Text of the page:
Biomedical Beat - A monthly digest of research news from NIGMS

IN THIS ISSUE . . .
August 18, 2010

Check out the Biomedical Beat Cool Image Gallery.

Got research news to share? E-mail us at info@nigms.nih.gov.

To change your subscription options or unsubscribe, visit https://public.govdelivery.com/accounts/USNIGMS/subscriber/new?topic_id=USNIGMS_3.

Biomedical Beat RSS FeedSubscribe to the RSS version of Biomedical Beat by selecting this XML link and following your news reader's instructions for adding a feed.

The National Institute of General Medical Sciences (NIGMS), one of the National Institutes of Health, supports all research featured in this digest. Although only the lead scientists are named, coworkers and other collaborators also contributed to the findings. To read additional news items, visit NIGMS News, Twitter or Facebook. To check out free NIGMS publications, go to the order form.

Cool Image: Cellular Loner

Courtesy of cell biologist Mary Anne Alliegro, Marine Biological Laboratory.

The nucleolinus is a cellular compartment that has been a lonely bystander in scientific endeavors. Although it’s found in a range of species, its function has been mysterious—mainly because the structure is hard to visualize. Now, a study shows that the nucleolinus is crucial for cell division. When researchers zapped the structure with a laser, an egg cell didn’t complete division. When the oocyte was fertilized after laser microsurgery (bottom right), the resulting zygote didn’t form vital cell division structures (blue and yellow). Perhaps now the nucleolinus has earned its rightful place inside the cell and in scientific research. Courtesy of cell biologist Mary Anne Alliegro, Marine Biological Laboratory.

Full story Link to external Web site
Article abstract (from the August 3 issue of PNAS)

More than Meets the Eye

Eye diagram. Courtesy of NIH’s National Eye Institute.
Eye diagram. Courtesy of NIH’s National Eye Institute.
High res. image
(JPG, 940 KB)

Special cells in the eye use light to set our circadian rhythms, the 24-hour cycles that dictate when we sleep and when we’re awake. It turns out that these cells also play other roles in vision, according to a new study led by neurobiologist Samer Hattar of Johns Hopkins University. The team found that the cells, at least in mice, have more widespread targets in the brain than previously thought and that they enabled mice lacking other light-sensing cells to discern spatial information about their surroundings. These findings challenge traditional views about vision and offer new hope for correcting blindness.

NIH’s National Eye Institute also supported this work.

Full story Link to external Web site
Hattar profile Link to external Web site
Article abstract (from the July issue of Neuron)

Quick Fix for Sunburn

Plants and most animals have a protein that helps protect them from DNA-damaging UV light.
Plants and most animals have a protein that helps protect them from DNA-damaging UV light.

Ultraviolet (UV) rays cause not just sunburns, but also genetic mutations, cancer and cell death. In plants and most animals (except placental mammals, like humans), the photolyase protein repairs the damage. Scientists, though, know little about how the process works. To find out, biophysicist Dongping Zhong at Ohio State University exposed DNA to UV light and then took ultrafast laser “snapshots” to catch photolyase in action. The protein complex delivered an electron and proton to the damaged DNA, reversing the effects in billionths of a second. Once done, the electron and proton returned to the photolyase complex. This information could lead to future remedies for healing UV damage.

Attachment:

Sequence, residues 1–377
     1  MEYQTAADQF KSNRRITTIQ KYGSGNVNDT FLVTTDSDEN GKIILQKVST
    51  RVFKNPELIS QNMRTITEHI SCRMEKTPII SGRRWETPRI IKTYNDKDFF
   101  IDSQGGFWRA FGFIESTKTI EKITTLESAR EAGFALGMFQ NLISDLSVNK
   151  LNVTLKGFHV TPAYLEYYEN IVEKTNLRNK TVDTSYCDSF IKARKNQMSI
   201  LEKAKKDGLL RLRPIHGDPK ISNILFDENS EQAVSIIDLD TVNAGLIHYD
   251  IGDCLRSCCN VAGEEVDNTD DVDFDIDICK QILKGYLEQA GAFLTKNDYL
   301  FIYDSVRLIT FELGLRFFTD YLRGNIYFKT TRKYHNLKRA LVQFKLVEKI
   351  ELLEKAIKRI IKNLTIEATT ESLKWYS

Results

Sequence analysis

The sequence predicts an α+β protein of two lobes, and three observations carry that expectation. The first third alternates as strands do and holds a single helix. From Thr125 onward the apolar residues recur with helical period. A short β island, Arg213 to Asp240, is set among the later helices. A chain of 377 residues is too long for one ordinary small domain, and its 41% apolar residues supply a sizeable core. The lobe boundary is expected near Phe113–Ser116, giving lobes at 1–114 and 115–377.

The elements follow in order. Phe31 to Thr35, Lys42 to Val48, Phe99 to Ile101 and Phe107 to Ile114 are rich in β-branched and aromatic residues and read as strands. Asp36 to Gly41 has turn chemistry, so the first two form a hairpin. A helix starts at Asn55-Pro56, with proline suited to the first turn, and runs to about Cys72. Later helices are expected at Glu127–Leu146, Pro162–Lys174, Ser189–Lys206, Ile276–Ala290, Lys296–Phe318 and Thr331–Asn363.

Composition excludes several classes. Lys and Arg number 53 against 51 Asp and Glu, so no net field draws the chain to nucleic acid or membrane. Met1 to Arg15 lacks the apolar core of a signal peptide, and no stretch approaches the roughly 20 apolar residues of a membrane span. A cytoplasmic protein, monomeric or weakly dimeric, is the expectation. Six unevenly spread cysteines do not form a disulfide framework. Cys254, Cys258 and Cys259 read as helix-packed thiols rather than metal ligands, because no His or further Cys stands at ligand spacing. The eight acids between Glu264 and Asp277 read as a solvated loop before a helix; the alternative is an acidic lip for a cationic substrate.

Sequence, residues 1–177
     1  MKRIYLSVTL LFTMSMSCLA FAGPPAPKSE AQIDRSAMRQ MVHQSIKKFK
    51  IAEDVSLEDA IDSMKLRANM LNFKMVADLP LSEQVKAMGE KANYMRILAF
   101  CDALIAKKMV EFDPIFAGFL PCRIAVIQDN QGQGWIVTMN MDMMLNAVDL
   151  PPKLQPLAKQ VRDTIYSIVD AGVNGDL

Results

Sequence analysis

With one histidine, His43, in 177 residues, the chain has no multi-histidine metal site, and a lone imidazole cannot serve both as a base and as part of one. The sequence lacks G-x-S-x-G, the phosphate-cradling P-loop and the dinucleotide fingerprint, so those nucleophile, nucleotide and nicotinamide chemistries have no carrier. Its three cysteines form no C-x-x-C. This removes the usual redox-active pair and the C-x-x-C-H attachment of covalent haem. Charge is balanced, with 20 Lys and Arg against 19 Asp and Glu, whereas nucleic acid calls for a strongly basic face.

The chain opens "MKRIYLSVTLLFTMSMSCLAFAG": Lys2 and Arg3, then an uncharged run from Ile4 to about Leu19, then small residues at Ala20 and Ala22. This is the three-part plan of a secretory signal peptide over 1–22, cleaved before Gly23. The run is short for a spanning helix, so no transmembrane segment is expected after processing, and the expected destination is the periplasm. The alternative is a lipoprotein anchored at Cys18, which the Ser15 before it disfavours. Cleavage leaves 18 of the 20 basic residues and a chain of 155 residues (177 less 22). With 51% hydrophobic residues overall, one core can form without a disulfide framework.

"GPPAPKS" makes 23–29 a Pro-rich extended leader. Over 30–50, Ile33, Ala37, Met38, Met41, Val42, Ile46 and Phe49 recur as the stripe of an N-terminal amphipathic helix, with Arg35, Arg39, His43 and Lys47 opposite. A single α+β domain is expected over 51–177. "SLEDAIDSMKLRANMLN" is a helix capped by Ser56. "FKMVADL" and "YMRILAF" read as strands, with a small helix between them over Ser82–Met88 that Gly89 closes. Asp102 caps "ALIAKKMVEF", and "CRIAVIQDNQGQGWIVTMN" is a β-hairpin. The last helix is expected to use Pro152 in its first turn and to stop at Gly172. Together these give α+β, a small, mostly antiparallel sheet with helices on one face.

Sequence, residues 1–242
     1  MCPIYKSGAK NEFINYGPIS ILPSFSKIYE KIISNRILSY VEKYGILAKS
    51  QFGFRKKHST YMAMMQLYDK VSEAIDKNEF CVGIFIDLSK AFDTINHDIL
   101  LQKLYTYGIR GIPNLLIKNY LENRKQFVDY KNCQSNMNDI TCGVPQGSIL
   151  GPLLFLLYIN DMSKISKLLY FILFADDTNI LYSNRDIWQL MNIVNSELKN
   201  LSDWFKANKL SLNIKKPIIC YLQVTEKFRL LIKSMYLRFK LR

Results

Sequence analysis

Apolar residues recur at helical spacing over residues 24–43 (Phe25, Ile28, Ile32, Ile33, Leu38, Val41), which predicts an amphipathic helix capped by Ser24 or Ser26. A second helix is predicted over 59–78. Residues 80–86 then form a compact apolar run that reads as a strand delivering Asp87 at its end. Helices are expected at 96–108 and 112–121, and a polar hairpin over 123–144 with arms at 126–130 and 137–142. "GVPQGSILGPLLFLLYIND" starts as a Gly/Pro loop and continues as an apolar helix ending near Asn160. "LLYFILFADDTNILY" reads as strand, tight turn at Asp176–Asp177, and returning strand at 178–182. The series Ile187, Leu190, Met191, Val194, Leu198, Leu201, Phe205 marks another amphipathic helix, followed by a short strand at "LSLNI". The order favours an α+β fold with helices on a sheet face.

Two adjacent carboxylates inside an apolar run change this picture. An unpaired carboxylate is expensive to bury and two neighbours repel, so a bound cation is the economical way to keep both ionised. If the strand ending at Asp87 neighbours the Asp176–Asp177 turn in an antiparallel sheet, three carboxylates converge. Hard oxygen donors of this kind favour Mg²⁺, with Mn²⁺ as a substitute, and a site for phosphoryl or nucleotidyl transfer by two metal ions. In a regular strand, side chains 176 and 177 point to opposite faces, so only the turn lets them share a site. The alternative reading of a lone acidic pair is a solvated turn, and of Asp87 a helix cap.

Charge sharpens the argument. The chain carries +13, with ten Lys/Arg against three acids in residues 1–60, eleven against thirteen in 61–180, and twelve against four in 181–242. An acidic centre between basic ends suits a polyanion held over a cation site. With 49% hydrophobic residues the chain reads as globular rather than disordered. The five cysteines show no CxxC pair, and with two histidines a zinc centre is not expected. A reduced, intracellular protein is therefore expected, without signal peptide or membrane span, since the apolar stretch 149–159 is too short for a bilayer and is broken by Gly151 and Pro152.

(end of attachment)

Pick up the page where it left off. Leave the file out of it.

Full story Link to external Web site
Zhong lab Link to external Web site
Article abstract (published online July 25 in Nature)

Enhancing Development

Fly embryos without gene enhancers lose their hair at extreme temperatures. Courtesy of Nicolás Frankel and David Stern.
Fly embryos without gene enhancers lose their hair at extreme temperatures. Courtesy of Nicolás Frankel and David Stern.
High res. image
(JPG, 44KB)

Individual genes often have multiple enhancers, regions of DNA that increase gene expression. Scientists suspected that some enhancers act as backups so that desired traits are expressed, even amidst unfavorable environmental and genetic conditions. A team led by Princeton University evolutionary biologist David Stern has found support for this idea. When the researchers removed two apparently redundant enhancers from a gene coding for fruit fly larvae hair development, they noticed that, at intermediate temperatures, the hairs formed correctly. But, at extreme temperatures, embryos without the enhancers lost much of their hair as larvae. The findings confirm that such enhancers make development resilient in the face of challenging conditions.

Full story Link to external Web site
Stern lab Link to external Web site
Article abstract (from the July 22 issue of Nature)



Modeling the Origin of Organisms

Model may help explain division of labor in social insects.
Model may help explain division of labor in social insects.
High res. image
(JPG, 36KB)

A multicellular organism consists of specialized cells with distinct functions that collectively ensure survival and reproductive success. Sergey Gavrilets, a theoretical biologist at the University of Tennessee, Knoxville, has developed a simple and biologically realistic model that shows how cells can become dedicated to such important functions. He found that the division of roles and responsibilities could occur relatively rapidly, depending on the mutation rate, the number of cells and other factors. The theoretical results may also explain the division of labor in social insects, the inception of organs and, more generally, the origin of biological complexity.

Full story
Gavrilets lab Link to external Web site
Article abstract (from the June issue of PLoS Computational Biology)